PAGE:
patent policy

Second Circuit Holds No-Challenge-To-Patents Clauses Unenforceable

In July 2012, the Second Circuit ruled in Rates Technology Inc. v. Speakeasy, Inc., 685 F.3d 163 (2012) that a provision in a pre-litigation settlement agreement precluding a party from challenging the validity of a patent was unenforceable as against the public policy announced in Lear, Inc. v. Adkins, 395 U.S. 653 (1969). 

The opinion calls into question a number of standard clauses which patent owners have used to control validity challenges by licensees and settling parties. 

When combined with the Supreme Court’s decision in MedImmune, Inc. v. Genentech Inc., 549 U.S. 118 (2007) (holding that licensees need not repudiate their license before challenging patent validity), licensees are now in a prime position to challenge patent validity.  Patent owners are advised to factor in an increased risk of challenges to patent validity in their settlement positions.

Non-Compliance with Bayh-Dole Leads to Army Getting Patent Title

Among the many incentives used by the federal government “To promote the Progress of Science and useful Arts,” are: (1) providing direct funding to researchers; and (2) through the Bayh-Dole Act, 35 U.S.C. § 200 et seq., allowing researchers at small businesses and nonprofit organizations to apply for and to receive patent rights arising out of inventions that are developed with this funding.  Thus, recipients of federal grants can reap the benefits of a limited property right against the public, even though the public, through its tax dollars, funds the development of the inventions that give rise to those rights.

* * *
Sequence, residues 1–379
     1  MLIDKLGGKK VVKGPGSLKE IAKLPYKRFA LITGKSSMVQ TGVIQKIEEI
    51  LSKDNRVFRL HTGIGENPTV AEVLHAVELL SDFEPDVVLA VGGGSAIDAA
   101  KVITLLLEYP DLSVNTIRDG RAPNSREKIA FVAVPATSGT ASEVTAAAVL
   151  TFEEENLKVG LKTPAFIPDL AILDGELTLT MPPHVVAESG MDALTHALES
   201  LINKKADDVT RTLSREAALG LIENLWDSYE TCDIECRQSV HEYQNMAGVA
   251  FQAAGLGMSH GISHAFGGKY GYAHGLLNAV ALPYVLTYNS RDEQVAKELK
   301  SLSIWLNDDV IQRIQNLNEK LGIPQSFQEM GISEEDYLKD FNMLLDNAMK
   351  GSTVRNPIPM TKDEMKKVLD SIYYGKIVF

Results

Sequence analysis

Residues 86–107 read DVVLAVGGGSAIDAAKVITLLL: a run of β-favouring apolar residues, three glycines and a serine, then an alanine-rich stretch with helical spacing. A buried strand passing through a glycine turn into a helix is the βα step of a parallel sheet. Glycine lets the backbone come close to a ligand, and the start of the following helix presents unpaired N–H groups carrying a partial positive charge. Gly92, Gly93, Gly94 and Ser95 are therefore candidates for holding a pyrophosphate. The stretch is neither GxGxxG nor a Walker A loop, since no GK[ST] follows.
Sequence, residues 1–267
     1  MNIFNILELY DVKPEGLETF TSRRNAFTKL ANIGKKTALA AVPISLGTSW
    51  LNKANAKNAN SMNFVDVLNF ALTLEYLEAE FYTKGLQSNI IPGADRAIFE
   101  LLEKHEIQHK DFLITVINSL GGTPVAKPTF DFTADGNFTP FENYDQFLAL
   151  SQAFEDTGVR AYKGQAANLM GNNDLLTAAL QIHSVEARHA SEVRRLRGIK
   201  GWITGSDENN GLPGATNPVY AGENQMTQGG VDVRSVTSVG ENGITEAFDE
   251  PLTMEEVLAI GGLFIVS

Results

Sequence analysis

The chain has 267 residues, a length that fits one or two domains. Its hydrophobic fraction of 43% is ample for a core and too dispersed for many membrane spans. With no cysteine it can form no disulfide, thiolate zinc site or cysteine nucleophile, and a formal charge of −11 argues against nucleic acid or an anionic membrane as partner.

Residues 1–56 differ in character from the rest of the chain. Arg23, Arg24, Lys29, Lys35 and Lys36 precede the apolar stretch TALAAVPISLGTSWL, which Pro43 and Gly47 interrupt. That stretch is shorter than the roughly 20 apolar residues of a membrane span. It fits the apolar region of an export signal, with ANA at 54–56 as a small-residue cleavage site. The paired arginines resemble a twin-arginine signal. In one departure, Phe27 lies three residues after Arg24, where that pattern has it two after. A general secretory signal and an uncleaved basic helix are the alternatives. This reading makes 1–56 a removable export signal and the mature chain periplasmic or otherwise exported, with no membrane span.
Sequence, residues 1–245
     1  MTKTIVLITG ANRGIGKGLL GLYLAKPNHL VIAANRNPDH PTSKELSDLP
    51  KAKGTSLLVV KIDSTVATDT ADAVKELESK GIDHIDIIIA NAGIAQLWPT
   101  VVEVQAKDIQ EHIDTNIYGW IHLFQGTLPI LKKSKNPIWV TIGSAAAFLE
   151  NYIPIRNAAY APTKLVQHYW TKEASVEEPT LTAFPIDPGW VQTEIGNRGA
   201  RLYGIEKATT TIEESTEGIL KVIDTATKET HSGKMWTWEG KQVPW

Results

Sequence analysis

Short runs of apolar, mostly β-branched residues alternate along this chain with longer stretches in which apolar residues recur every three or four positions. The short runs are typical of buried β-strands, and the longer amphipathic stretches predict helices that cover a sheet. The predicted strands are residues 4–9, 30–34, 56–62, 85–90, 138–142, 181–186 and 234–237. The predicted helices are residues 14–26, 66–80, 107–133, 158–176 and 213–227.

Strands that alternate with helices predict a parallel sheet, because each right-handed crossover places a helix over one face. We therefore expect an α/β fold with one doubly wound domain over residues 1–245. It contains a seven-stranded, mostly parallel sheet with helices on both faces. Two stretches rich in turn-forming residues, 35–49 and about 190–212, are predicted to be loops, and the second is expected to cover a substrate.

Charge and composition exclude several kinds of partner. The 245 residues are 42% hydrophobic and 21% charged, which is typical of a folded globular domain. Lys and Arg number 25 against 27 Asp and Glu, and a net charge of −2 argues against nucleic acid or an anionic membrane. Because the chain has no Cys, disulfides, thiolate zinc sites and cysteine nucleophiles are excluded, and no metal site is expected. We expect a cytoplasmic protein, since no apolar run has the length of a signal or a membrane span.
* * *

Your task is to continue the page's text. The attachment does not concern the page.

When an inventor receives federal funding, in order to avail himself of potential patent rights, he must agree to abide by a number of strict requirements.  These requirements are designed to protect the public’s investment in the research.  Unfortunately, historically, recipients have not fulfilled their obligations, and the funding agencies have not mandated compliance.  GAO/RCED-99-242, Reporting Requirements for Federally Sponsored Inventions Need Revision (Aug 1999). 

However, a recent action by the U.S. Army, which was affirmed by the Court of Appeals for the Federal Circuit, may signal an increased concern of funding agencies to force recipients to honor those obligations.  In Campbell Plastics v. Brownlee, 389 F.3d 1243 (Fed. Cir. 2004), the Court of Appeals for the Federal Circuit held that failure of a recipient of federal funds to meet certain requirements of its funding agreement can cause the recipient to lose its patent rights even absent any particularized harm to either the funding agency or the public.